STRIP-TOWER by Gerhard Richter debuts in Kensington Gardens at Serpentine South

Since the Victorian age, London’s verdant Royal Parks have been generously sprinkled with sculptural novelties. Some anachronistic artworks celebrate British empire like Memorial to the Cavalry by Adrian Jones in Hyde Park, while others are more contemporary contributions that do away with yesteryear’s chauvinist bells and whistles.

This week, a sculpture by Gerhard Richter, STRIP-TOWER, opened to the public. The installation is sited on the plinth at Serpentine South in Kensington Gardens. STRIP-TOWER represents Richter’s second installation at Serpentine: His first came in 2008 with 4900 Colours.

colorful sculpture in grassy park
STRIP-TOWER (2023) by Gerhard Richter © 2024, Gerhard Richter, Prudence Cuming Associates

STRIP-TOWER expands on Richter’s six decades in practice. From his studio in Cologne, Germany, Richter’s paintings, photography, digital reproductions, and abstractions have captured the art world by storm.

Richter, a world famous German artist born in 1932, completed STRIP-TOWER specifically for Kensington Gardens. The structure is cruciform-shaped, indirectly recalling structures by Ludwig Hilberseimer from the 1920s, and other high-modern edifices.

Certainly, Richter’s polychromatic, minimalist ensemble stands out from its equestrian neighbors spread throughout the Royal Parks, a public utility founded by King Charles I in 1637.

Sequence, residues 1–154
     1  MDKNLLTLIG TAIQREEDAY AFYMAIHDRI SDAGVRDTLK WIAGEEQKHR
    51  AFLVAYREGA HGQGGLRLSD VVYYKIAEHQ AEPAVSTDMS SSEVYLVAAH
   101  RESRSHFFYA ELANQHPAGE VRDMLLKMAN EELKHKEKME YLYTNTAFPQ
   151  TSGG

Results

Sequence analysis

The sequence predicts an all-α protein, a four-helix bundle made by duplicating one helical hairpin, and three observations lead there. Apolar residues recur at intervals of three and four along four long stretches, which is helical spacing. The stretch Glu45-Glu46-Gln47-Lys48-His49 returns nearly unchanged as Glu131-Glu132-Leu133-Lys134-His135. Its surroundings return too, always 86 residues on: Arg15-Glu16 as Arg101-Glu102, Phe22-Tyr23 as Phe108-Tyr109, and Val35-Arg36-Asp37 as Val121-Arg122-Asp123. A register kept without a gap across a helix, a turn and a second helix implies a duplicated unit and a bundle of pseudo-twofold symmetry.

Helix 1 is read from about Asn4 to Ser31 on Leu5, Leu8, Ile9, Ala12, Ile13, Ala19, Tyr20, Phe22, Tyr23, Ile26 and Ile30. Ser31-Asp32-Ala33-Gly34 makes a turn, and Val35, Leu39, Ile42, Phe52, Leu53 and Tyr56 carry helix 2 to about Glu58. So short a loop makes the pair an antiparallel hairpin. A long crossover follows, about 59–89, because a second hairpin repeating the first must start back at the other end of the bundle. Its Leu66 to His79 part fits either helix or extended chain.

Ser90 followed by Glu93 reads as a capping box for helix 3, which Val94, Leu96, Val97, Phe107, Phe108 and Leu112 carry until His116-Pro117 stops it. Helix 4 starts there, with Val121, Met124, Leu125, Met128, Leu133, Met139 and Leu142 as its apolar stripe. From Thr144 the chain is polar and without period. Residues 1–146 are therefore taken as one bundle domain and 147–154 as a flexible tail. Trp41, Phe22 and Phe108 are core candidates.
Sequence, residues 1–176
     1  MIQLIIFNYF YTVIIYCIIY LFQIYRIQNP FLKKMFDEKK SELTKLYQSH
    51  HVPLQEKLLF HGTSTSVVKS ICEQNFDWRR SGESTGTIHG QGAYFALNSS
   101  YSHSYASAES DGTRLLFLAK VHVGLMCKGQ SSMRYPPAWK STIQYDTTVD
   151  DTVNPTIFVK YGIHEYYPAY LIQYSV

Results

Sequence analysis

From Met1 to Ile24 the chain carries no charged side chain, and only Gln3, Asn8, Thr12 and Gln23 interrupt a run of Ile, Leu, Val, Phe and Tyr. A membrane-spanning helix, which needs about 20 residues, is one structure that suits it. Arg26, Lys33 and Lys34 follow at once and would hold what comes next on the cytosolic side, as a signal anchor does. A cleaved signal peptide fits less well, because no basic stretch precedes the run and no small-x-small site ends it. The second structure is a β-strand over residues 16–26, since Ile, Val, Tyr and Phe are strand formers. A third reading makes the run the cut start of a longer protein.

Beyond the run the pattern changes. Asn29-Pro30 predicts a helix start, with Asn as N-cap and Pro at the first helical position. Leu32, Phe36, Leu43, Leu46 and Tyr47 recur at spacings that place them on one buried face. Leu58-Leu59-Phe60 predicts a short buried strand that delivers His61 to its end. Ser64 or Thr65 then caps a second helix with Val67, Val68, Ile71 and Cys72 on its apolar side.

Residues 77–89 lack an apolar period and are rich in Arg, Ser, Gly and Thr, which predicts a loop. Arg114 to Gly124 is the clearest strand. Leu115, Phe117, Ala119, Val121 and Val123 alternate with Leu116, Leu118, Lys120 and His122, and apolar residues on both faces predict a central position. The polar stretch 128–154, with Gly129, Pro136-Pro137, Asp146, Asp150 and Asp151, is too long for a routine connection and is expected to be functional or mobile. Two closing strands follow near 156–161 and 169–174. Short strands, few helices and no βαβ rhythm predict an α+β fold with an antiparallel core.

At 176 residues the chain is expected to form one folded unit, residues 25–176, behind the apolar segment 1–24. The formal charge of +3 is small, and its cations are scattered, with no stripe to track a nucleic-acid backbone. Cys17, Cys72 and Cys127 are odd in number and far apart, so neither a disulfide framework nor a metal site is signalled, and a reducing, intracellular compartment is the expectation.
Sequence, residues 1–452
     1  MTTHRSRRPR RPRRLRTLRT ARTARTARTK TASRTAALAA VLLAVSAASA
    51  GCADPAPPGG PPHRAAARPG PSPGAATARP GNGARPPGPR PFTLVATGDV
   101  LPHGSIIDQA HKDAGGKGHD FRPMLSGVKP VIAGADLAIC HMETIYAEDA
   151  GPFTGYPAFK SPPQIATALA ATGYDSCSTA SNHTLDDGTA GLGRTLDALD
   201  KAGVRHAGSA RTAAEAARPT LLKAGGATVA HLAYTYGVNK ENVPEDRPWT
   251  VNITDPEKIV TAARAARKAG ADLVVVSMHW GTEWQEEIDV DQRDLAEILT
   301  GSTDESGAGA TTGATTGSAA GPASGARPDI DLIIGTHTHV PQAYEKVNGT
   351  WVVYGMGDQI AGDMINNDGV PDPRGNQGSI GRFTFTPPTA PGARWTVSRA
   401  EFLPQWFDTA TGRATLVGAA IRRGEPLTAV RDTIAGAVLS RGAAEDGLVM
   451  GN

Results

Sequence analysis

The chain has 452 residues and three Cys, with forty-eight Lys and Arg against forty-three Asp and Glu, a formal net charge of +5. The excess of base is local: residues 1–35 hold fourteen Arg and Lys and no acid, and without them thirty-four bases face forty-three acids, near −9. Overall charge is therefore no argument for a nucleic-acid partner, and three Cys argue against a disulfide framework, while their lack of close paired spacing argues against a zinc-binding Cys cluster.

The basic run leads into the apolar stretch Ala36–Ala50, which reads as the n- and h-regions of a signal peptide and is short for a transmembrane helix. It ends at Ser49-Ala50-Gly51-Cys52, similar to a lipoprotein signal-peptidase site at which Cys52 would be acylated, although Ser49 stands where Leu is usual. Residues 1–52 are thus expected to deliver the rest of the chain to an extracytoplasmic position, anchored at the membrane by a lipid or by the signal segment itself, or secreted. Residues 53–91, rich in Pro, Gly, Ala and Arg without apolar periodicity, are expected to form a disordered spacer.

view of ceramic exterior of STRIP-TOWER
STRIP-TOWER (2023) by Gerhard Richter © 2024, Gerhard Richter, Prudence Cuming Associates

STRIP-TOWER, curators said, traces its thinking back to a 1990 painting by Richter, entitled Abstract Painting 724-4. There, Richter made a “squeegee painting” that was then photographed, and then the photograph itself was digitally manipulated and sliced into two strips, then four strips, then eight, sixteen, and thirty-two. The vertical strips, curators continued, were then stretched across a horizontal expanse and subsequently laminated onto aluminum with Perspex.

The studies that began in 1990 later informed another series by Richter, which began in 2010, entitled Strip Paintings. Thus, the installation that debuted today in Kensington Gardens is the latest from this series.

Curators note that this latest work employs a similar method to Richter’s earlier studies. It features colorful striped ceramic tiles clad with two perpendicular panels. The thin vertical stripes create a dense composition where the intersecting panels create a cross section that invites observers to stand within.

STRIP-TOWER is on view through October 27.

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